A recently published study showed that hip surgery patients were about twice as likely to suffer complications when their surgeon was overseeing concurrent operations, compared to patients whose surgeons were not double-booked.
The Canadian study examined over 90,000 operations at 75 hospitals in Ontario, and found that the longer the duration of simultaneous surgeries the more likely patients were to suffer complications within a year, such as infections and follow-up surgeries.
In his latest Just Transparency post, Jeffrey Catalano writes that this study – the broadest to date of the risks associated with simultaneous surgeries – is a significant counter to previous peer-review studies in the U.S. finding no significant difference in complications from concurrent procedures.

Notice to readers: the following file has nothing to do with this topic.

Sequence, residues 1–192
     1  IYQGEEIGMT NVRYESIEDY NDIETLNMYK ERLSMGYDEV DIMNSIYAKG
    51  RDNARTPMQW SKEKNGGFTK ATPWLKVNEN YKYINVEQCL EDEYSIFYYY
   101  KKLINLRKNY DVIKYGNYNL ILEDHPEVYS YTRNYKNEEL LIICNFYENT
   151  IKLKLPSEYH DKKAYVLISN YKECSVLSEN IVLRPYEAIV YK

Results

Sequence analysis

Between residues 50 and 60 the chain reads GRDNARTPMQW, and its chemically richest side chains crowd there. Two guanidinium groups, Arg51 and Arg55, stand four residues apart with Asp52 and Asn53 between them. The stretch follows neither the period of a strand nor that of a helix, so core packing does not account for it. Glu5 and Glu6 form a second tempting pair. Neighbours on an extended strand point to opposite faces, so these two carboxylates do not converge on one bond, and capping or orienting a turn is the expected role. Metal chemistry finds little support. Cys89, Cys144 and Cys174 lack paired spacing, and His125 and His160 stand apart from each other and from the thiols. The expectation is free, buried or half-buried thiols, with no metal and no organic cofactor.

At a minimum, doctors must inform patients before a surgery that they intend to overlap surgeries, Mr. Catalano writes.
Mr. Catalano, a partner at the firm, represents victims of catastrophic injuries, including those resulting from medical negligence. He is the immediate Past President of the Massachusetts Bar Association.
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